Connecting state and local government leaders
COMMENTARY | Devices like smartphones and tablets can present extra cybersecurity risks, a significant concern as more public employees work remotely.
Any organization could be the target of cybercriminals, but government entities are particularly attractive. Both citizen and operational data is deemed valuable on the open market, and critical infrastructure systems have become prime targets for ransomware threats given their community-sustaining stature. In fact, cyberattacks against state and local agencies were up 50% in 2020, with many disrupting healthcare, transportation and utility services – and all impacting taxpayers. Between 2017-2020, the average U.S. municipality paid $125,697 per ransomware event, which is a fraction of what agencies spent to recover. Therefore, it’s critical to be proactive and disciplined with cybersecurity, even if it requires a greater upfront investment.
Regulating Access and Reducing Risk
Information system designs may not be consistent from one entity to the next. And each jurisdiction may use different technologies to manage public works, public safety and other citizen services. But cybersecurity best practices can be applied in a standardized way to keep connected devices from becoming easy points of entry.
For example, a quarter of state and local government employees are authorized to use their smartphones and tablets to conduct official business. Yet, mobile devices are among the easiest ways for bad actors to gain intel and access systems given their public exposure and traditionally more relaxed use—a notable concern as more public employees have switched to remote and hybrid work arrangements during the pandemic. That is why every employee should be issued an agency-owned, enterprise-grade mobile computer or tablet if access to government email, information or operations systems is required outside a secure office setting. If employees telework or spend a lot of the time in the field around civilians, the agency that maintains full ownership and control over devices can take extra measures to minimize the risk of device theft and data breaches.
Be Deliberate and Consistent Management
Once employees are equipped with agency-owned devices, there are several best practices that can be adopted by IT teams and employees to further reduce device vulnerabilities and proactively mitigate attacks on connected networks:
- Control the user experience. Remove apps and turn off technology services that are not needed to conduct official business. Load communications apps that have been vetted, configured and secured for government use, such as Zoom Gov or Microsoft 365 Government.
- Be stricter with password policies. Compromised credentials are still one of the most common culprits of hacking-related breaches. So, activate user interface passwords for all government-connected technologies and require users to change them often. Require longer passwords with more complex character combinations.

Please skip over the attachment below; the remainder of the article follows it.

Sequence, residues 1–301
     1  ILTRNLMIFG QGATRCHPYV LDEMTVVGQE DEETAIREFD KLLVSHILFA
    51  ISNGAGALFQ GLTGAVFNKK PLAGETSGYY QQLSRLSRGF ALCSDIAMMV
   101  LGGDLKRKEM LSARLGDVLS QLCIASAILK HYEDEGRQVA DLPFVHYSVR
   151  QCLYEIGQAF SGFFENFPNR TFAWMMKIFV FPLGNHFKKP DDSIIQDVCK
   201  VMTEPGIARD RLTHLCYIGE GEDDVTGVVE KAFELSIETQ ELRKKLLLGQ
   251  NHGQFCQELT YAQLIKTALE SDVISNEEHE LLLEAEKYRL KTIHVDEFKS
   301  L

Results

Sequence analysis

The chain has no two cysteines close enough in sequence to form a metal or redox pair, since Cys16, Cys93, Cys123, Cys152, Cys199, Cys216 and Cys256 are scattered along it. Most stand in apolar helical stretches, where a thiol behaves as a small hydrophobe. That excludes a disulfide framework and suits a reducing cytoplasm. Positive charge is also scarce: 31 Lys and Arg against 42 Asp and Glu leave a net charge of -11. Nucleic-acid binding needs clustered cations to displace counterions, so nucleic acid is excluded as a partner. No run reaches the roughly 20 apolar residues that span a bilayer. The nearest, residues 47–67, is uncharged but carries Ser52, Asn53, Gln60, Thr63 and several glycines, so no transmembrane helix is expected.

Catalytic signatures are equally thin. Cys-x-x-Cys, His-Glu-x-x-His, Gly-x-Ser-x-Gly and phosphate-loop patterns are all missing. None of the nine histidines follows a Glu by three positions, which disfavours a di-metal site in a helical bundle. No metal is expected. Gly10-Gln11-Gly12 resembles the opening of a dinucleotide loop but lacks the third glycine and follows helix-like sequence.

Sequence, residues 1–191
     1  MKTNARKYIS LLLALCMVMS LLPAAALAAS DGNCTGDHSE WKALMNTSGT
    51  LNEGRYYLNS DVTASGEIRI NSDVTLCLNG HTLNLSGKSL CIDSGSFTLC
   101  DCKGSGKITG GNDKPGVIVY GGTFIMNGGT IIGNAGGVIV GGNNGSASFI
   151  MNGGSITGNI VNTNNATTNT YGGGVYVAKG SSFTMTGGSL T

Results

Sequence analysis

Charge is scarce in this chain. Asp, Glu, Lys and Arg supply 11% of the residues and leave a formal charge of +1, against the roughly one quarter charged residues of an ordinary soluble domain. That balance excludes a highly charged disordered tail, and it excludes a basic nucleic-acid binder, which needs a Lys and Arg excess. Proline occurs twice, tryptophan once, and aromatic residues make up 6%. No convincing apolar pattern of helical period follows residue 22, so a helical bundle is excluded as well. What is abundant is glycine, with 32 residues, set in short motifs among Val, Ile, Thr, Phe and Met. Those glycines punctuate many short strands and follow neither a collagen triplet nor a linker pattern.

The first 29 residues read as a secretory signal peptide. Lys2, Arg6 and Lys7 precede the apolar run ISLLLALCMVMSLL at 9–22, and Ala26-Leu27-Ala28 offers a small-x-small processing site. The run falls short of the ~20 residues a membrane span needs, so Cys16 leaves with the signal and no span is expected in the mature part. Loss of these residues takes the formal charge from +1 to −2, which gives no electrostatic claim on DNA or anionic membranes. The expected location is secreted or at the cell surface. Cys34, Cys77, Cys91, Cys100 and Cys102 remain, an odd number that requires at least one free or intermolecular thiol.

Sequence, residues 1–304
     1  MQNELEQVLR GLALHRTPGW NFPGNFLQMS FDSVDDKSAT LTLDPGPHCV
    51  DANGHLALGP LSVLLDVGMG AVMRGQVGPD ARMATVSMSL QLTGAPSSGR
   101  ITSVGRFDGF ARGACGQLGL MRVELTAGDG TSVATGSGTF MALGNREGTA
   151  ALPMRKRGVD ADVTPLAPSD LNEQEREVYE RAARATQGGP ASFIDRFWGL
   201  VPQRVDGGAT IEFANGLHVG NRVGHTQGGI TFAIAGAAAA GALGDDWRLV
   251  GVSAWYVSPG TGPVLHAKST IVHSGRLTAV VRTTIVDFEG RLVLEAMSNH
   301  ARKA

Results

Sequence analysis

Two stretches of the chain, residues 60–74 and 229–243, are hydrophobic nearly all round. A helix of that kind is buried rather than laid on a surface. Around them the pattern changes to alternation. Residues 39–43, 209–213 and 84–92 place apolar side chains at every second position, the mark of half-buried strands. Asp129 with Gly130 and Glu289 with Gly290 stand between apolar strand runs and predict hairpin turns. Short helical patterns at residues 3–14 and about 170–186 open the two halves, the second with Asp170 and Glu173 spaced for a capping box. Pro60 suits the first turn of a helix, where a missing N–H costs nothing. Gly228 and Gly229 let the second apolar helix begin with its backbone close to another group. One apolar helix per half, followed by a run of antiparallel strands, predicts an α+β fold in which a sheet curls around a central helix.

- Track devices and activity. Enable activity logs and conduct frequent audits to detect bad behavior.
- Monitor for out-of-touch devices. Develop a method to continuously monitor for devices that have appeared offline or out of sight for a prolonged period. When you suspect a device has been compromised, withdraw its credentials until you can confirm its location and that the employee has maintained physical control.
- Consider remote management. Leverage a secure remote management system to quickly update settings for all devices, especially when IT teams or workers are off site. The longer devices, solutions and systems use out-of-date settings, the easier targets they become.
- Keep the circle small. Limit the number of employees brought in the loop on your security strategy and tactics to reduce the risk of information leaks.
Plan for New Technology Solutions and Their Retirement
Not every mobile computer or tablet has the same security capabilities, even if they run the same operating system OS (i.e., Android) or fall into the same device class (i.e., rugged enterprise). That’s why it’s important to understand what it will take to protect new technology solutions – and the other devices and networks to which they’ll connect – before a formal solicitation or requisition is issued. It will be easier to choose solutions that support encrypted and authenticated connections as well as continuous updates.
Rugged enterprise-grade mobile devices tested and certified for government use will likely be in service for several years, and both wireless connectivity and security needs will evolve. Multiple network connections will need to be maintained. Frequent patches and OS updates will be required to keep devices defenses strong against external threats. And permissions may need to be changed on occasion to prevent file tampering.
It’s also important to assess C.I.A. daily: confidentiality, integrity and availability. Security planning is not a one-time event. In fact, it’s never too early to plan for device retirement.
Enterprise system settings will need to be removed and device user accounts/credentials deleted. Define that process early on in case devices are taken out of service sooner than expected. Just remember to disconnect everything. If existing systems are hardcoded to look for retired units, adversaries could inadvertently stumble upon unmonitored devices, one of the easiest ways to access information and infrastructure systems.
Jasyn Voshell is director of information security management at Zebra Technologies